Recovering the SDGs: A Conversation with Steiner | of UNDP Bank News

0
63


When the world embarked on the United Nations Sustainable Development Goals (SDGs) in 2015, there was an air of optimism as nations pledged to achieve 169 goals by 2030. But the coronavirus pandemic has assumed this schedule a serious blow by reversing human progress for the first time in decades, pushing millions into extreme poverty and deepening inequalities.

The person in charge of recovering the SDGs is Achim Steiner, the administrator of the United Nations Development Program (UNDP). Steiner, who has just begun his second term, faces a daunting challenge.

Warning that the world is facing a development emergency, he says the Achilles heel of global economic recovery is the growing number of countries facing vaccine disparity and debt distress.

It also wants to make sure that the poorest nations are not literally left in the dust of coal, as the richest countries invest hundreds of billions of dollars in the transition to green energy.

Radmilla Suleymanova, senior business producer at Al Jazeera Digital, met with Steiner this week to talk about vaccine equity, how to boost global energy, and how richer countries can help make it all happen. humanity beyond the current crisis of COVID-19.

* This interview has been edited for clarity and brevity.

Radmilla Suleymanova: As head of UNDP, what is the first thing you hope to achieve in your second term?

Achim Steiner: To get the international community to understand the fundamentals of supporting each other to move towards the recovery of development. Right now we are highly vulnerable. In some parts of the world, we are almost at the point where we believe the pandemic is under control, and in other parts only one or two percent of the population has been vaccinated. This is a recipe for disaster.

RS: How has the pandemic altered the trajectory to reach the SDGs?

AS: For example, in Latin America and the Caribbean, we have seen 22 million people return to extreme poverty in the last year. These are levels that take us back to 2008. That means we have lost 13 years of progress. It is the first time in 30 years that we see an investment in global human development.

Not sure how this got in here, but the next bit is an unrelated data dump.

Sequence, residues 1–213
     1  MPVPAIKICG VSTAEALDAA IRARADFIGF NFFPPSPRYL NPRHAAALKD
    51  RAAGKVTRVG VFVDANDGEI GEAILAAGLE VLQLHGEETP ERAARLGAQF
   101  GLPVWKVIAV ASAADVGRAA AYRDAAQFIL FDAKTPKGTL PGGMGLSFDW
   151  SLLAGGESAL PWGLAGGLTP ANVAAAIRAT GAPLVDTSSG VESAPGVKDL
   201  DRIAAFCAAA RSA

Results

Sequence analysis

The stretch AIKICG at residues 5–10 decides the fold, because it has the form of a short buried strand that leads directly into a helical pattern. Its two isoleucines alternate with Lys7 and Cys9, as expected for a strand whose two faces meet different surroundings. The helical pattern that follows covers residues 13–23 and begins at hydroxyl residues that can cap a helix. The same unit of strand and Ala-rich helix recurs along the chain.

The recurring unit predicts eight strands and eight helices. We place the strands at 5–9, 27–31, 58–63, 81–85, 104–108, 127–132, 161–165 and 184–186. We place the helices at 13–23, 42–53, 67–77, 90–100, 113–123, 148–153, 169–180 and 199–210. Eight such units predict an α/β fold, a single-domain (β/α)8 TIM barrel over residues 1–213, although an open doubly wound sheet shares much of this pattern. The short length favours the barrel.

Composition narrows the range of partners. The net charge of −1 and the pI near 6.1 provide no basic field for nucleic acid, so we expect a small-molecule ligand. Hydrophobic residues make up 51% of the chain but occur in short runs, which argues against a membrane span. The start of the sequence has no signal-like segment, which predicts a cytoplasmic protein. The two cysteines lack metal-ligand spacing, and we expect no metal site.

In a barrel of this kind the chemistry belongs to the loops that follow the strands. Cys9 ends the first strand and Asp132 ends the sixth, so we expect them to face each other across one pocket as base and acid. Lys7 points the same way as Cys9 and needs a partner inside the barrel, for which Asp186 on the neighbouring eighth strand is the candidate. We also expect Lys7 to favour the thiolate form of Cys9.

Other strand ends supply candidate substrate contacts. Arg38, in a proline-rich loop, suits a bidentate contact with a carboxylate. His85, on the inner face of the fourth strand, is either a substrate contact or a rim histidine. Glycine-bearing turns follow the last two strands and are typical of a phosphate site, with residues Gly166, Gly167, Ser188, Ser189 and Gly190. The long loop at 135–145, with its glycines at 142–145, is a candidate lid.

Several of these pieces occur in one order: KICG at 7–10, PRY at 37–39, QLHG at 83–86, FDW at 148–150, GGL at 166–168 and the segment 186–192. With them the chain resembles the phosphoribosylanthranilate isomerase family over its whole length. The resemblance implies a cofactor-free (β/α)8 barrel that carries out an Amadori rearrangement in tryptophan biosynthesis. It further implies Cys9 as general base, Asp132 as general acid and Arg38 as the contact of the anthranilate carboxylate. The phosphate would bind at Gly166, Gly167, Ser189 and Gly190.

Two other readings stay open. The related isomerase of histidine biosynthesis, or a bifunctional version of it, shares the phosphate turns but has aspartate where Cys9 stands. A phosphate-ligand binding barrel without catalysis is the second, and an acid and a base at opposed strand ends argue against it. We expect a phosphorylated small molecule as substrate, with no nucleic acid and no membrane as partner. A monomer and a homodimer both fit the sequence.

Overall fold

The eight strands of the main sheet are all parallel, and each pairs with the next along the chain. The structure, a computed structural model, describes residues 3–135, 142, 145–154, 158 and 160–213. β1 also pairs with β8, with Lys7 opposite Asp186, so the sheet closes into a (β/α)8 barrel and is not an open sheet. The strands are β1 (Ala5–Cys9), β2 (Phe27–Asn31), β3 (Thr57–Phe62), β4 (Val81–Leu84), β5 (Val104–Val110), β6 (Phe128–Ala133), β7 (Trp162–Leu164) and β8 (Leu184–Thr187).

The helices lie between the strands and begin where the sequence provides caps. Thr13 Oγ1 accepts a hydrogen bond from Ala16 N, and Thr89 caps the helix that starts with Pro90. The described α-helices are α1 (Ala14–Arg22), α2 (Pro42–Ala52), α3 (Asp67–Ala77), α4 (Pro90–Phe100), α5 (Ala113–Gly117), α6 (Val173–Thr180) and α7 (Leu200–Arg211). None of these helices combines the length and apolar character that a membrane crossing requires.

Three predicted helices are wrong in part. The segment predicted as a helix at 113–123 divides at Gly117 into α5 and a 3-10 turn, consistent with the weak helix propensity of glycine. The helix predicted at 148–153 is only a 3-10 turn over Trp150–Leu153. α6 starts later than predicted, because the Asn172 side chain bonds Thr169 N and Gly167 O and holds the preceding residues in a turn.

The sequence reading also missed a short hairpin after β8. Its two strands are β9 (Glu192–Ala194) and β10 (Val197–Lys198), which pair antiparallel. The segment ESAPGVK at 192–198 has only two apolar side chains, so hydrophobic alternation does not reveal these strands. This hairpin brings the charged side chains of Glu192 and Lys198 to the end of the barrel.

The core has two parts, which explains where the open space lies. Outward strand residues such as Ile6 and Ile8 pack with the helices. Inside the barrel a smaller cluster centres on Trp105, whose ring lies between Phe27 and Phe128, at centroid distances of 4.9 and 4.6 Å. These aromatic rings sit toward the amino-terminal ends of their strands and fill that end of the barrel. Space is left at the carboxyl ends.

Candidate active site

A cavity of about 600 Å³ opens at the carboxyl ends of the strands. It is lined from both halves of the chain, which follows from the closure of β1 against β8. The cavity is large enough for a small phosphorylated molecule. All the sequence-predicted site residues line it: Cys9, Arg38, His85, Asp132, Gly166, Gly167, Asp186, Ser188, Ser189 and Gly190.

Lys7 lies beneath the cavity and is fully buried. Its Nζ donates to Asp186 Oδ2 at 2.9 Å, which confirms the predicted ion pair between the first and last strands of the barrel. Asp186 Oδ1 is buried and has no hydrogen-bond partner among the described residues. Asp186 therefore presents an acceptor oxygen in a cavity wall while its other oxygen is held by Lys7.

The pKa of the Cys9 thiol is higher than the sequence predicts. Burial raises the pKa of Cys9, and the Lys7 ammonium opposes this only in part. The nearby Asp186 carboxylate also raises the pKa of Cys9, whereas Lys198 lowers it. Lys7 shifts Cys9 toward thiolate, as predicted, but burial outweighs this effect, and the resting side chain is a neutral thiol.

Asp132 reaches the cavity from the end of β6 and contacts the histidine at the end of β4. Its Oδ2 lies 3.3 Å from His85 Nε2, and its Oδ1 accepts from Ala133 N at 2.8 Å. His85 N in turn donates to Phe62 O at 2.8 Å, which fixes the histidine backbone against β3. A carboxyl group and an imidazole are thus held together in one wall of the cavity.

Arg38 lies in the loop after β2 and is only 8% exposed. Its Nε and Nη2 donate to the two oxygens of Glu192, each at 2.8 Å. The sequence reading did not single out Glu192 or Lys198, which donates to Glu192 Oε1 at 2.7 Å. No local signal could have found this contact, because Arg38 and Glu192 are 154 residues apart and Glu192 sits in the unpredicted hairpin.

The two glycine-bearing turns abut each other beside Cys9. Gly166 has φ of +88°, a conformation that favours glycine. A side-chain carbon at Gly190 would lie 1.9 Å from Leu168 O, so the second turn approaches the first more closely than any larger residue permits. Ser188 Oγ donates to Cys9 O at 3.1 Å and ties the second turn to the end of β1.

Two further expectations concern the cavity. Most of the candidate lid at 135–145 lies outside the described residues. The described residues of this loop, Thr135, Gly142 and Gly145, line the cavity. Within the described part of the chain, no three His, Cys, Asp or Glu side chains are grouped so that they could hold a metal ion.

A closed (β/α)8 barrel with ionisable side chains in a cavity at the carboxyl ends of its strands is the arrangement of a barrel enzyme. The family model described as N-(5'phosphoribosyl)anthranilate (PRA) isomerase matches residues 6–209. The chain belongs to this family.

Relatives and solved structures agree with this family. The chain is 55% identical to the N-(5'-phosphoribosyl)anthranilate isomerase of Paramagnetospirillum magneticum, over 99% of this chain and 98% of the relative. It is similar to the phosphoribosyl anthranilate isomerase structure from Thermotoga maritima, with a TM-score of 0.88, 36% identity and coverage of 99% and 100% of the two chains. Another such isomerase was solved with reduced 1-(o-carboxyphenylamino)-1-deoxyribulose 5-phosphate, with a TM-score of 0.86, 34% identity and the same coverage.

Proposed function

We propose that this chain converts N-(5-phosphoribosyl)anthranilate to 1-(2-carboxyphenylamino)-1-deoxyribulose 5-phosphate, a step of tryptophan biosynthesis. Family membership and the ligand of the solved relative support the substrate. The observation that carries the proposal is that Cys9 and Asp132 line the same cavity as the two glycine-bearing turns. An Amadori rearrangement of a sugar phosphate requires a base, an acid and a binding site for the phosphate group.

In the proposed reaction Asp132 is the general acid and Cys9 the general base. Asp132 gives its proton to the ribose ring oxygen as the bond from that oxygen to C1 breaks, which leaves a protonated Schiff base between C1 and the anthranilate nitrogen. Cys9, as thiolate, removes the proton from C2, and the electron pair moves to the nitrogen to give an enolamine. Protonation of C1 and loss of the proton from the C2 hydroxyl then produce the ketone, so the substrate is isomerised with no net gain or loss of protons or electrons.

But, as we have seen in countries that have been able to mobilize significant public funding and have access to vaccines, there could be a recovery almost like a V-shape, where there is a very sharp drop and then a relatively rapid recovery. But two things here are problematic. Virus mutations are a big risk for everyone. And in the developing world, and especially on the African continent, we see what it means not to be able to vaccinate your population.

DGSs remain valid as always, but the pace of progress has slowed. And yet, with the mobilization of hundreds of billions of dollars for a green recovery, we can come out of it with an accelerated approach to implementing sustainable energy development goals.

RS: You mentioned that the world has a unique opportunity to move towards a greener future. Do you hope this happens?

AS: I have reasons not to be hopeless. This is a time of deep disruption. People are losing confidence in the future, in governments, in their health systems. But if you have a slightly more historical perspective, sometimes out of the darkest moments come some of the boldest answers.